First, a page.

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Honey I killed the bees! Or did I…?

Two bees on a honeycomb

The debate over use of neonicotinoids is still raging. The European Commission has now placed a two year ban on three chemicals which are known to harm bees. But what about those still on sale?

Late last year the European Commission ruled that three neonicotinoids which are known to be harmful to bees should be banned for two years, while others remain on sale.

And now a group of independent scientists from around the world known as the Task Force on Systemic Pesticides (TSFP) published its findings on the impact of neonicotinoids. The report, known as the Worldwide Integrated Assessment, reviews the findings of around 850 scientific studies. It concludes that neonicotinoids are bad news all round – not just for bees, but for other species too. The TSFP now wants a full ban on all neonicotinoids.

Should you bee concerned?

Manufacturers insist that the remaining neonicotinoids are fine as long as they’re used sensibly and according to the instructions.

They argue that the research undertaken is not true to life, and that bees are subjected to higher exposure than they would be in the wild. Some say that other factors, such as a parasite known as Varroa Mite, are more likely to be causing bee decline.

The last time we talked about neonicotinoids, H. Mount thought a blanket ban was the answer:

‘As a keen gardener who has hives belonging to a local beekeeper in my garden I feel really strongly that the evidence against neonicotinoids and their effect on the bee population is proven. They should be banned as quickly as possible.’

Do you agree with H. Mount and the TSFP that there should be a full ban on neonicotinoids? Or do you think the action that has been taken is enough? And I’d also be interested to hear if you’ve taken any steps to make your garden bee friendly.

Do you use neonicotinoids?

No (76%, 309 Votes)

I don't have garden (16%, 67 Votes)

Yes (8%, 31 Votes)

Total Voters: 407

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Comments
Member

May I suggest a poll on whether we think neonicotinoids should be banned. Reading this article is very informative but there are hundreds of others on the Web to add weight to an already worrying situation.

http://agroecologygroup.org.uk/wp-content/uploads/Dave_Goulson_FINAL.pdf

I do have a vested interest I get honey from my sister-in-laws hives. Buying plants for your garden also means avoiding seed and plants that have been treated with the neonics.

Member

Thanks Diesel, that’s a good idea (maybe next time!) but we’d like to find out about how widely neonicotinoids are used in people’s gardens. Very interested to hear views about a ban in the comments though! So everyone – don’t hesitate to share your views 🙂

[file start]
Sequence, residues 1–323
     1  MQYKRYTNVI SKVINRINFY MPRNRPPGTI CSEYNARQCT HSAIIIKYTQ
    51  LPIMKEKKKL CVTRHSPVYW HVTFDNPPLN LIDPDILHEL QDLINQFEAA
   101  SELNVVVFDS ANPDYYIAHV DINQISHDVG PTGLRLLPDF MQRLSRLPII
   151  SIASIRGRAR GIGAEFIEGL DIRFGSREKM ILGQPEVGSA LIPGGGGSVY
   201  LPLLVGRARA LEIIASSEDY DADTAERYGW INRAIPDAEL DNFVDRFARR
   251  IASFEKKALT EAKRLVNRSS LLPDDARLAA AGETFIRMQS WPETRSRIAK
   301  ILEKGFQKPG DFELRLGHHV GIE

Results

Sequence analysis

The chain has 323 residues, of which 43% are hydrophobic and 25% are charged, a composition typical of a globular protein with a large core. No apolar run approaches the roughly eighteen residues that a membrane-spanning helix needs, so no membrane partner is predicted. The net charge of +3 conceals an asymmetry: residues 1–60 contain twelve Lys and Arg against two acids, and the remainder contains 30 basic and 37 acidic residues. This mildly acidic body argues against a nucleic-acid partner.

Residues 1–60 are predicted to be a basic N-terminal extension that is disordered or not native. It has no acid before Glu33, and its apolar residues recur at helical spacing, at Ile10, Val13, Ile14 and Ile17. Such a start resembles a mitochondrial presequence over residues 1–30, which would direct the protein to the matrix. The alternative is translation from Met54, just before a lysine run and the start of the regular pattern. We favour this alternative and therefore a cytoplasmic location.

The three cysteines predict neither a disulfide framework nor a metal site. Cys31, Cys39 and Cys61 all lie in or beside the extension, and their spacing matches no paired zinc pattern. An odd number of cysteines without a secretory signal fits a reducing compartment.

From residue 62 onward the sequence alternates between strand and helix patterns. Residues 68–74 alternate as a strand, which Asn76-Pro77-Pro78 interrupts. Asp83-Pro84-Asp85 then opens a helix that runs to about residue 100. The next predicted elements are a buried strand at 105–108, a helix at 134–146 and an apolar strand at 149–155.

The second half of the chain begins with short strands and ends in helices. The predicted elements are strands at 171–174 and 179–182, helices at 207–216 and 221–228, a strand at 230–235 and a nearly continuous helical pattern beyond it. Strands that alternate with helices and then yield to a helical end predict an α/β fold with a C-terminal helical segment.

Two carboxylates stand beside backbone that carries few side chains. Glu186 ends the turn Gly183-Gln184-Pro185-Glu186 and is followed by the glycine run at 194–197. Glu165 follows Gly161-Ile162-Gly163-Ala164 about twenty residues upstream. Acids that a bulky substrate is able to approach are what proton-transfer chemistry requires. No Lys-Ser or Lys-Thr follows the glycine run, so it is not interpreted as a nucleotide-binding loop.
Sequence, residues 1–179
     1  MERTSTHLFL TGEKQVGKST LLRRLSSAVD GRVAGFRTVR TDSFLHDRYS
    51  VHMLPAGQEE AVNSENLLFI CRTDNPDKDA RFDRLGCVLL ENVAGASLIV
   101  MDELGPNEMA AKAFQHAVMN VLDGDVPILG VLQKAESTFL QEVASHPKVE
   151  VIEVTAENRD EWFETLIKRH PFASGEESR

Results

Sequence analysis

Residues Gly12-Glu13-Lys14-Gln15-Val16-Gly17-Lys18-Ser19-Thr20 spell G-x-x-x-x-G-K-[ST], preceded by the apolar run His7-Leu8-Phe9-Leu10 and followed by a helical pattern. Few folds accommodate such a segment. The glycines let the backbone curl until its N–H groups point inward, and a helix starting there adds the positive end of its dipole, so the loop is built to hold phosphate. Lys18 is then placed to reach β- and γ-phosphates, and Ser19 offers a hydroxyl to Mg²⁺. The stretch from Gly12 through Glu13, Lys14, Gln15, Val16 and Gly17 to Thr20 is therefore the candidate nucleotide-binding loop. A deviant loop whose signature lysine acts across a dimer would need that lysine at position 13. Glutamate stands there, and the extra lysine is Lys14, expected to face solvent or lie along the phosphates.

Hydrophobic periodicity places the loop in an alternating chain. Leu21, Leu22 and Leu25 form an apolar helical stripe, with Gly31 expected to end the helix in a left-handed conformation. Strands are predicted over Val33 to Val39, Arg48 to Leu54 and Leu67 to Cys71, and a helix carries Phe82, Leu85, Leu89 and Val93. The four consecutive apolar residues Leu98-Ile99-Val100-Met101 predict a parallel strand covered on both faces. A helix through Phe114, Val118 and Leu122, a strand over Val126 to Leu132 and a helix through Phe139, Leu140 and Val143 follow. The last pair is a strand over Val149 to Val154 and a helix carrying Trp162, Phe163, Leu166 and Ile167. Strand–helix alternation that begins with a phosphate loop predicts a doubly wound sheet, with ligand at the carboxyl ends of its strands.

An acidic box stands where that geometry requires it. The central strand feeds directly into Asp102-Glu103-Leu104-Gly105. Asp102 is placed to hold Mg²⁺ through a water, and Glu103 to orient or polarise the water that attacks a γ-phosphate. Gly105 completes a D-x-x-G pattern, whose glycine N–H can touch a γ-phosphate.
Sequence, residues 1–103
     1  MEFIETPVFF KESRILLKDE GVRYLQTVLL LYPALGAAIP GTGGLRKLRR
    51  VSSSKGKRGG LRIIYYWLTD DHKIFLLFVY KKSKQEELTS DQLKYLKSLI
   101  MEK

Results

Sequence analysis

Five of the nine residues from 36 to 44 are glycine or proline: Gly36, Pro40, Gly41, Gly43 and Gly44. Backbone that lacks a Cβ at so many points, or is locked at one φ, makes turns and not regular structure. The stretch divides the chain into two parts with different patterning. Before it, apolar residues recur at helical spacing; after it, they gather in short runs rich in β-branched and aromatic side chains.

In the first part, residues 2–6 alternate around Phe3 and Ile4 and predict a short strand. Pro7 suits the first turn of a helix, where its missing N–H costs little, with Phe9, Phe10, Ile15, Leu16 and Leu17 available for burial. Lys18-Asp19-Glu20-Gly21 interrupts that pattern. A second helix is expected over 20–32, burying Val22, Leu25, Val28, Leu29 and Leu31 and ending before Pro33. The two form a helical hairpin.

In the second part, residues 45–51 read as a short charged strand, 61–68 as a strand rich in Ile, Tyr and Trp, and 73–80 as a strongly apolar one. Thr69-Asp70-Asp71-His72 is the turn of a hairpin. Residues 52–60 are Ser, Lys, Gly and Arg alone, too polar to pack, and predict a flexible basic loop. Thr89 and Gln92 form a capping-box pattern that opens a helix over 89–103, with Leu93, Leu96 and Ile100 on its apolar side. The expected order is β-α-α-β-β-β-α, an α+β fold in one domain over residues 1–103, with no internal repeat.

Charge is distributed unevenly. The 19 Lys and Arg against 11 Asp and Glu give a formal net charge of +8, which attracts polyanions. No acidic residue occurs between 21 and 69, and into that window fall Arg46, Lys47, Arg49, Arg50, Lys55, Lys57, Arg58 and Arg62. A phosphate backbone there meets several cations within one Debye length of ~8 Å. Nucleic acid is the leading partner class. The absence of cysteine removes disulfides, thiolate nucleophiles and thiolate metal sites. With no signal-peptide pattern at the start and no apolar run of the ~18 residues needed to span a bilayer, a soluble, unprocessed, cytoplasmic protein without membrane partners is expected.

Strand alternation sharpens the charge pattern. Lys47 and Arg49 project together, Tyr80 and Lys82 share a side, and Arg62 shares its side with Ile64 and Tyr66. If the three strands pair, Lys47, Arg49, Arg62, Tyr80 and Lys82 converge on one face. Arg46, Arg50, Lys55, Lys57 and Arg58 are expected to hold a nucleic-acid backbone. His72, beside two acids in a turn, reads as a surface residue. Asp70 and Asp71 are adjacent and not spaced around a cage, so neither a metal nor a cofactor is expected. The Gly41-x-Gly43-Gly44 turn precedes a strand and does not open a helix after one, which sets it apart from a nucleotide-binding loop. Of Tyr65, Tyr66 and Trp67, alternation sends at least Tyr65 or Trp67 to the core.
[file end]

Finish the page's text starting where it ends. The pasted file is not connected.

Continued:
Member

Most chemicals that are harmful to one living organism are harmful to others. That’s why it’s so hard to develop antibiotics that will kill bacteria and fungi without harming humans. The number of gardening products that have been banned from sale in the past few decades is frightening.

I would like to see gardening chemicals phased out. In some cases, safe alternatives such as biological control exist, where natural predators can be used to deal with pests.

The bigger issue is of course commercial agriculture. The one thing we can be sure of is that companies that produce neonicotinoids and other agrochemicals should not be trusted if they claim that products are safe. There is plenty of evidence to show that such claims made by companies have proved not to be true in the past.

Member

Thanks wavechange – do you garden and do you use neonicotinoids or any sprays? If not – how do you keep a handle on pests?

Member

I don’t believe that I have ever bought any products containing neonicotinoids. For slugs I use ferric phosphate pellets, which are a better choice than metaldehyde (that should have been banned years ago). For aphids I spray with a commercial product containing fatty acids – effectively soap. The most effective way I have found of dealing with pests is to choose plants that are less affected. For example I have replaced roses that were affected by black spot with ones that are little affected, on the recommendation of a friend who is a keen gardener.

I no longer grow fruit and veg, largely because it was a challenge to do this without pesticides. Maybe choosing resistant varieties could have helped.

Member

Thanks wavechange – that’s really interesting. It is tough to keep pests away from fruit and veg but I personally find root veg is a good solution. I’ve grown rainbow beetroot recently and although the slugs have been at the leaves I’ve had a nice crop of beets!

Member

That sounds like a good idea Amy. It’s not something I have tried.

Member

As bees and other pollinating insects are vital to both gardeners and commercial crop producers we must clearly avoid damaging their numbers.
As a gardener, I use Tagetes in the greenhouse to avoid whitefly, soap solution to dispose of greenfly, slug pellets to protect newly-planted stuff but otherwise let nature take its course and take what food is left. I’ve given up on cabbages because of the butterfly – even found netting unsuccessful.
For commercial food production we need so much that losing a significant part of the crop is both a problem financially and can lead to food shortages. On the radio tonight farmers growing oil seed rape claimed 25% of the plants were lost to flea beatles – controlled before by neonicotinoids apparently. I am not sure biological control can work on such a scale – and are there consequences from releasing huge numbers of the predatory beasts?
“Something must be done” – is there a solution? Perhaps part of it could be to use our own gardens more productively and cut down on the fruit and vegetables we need to purchase. And grow insect-friendly flowers. Dig for victory might return.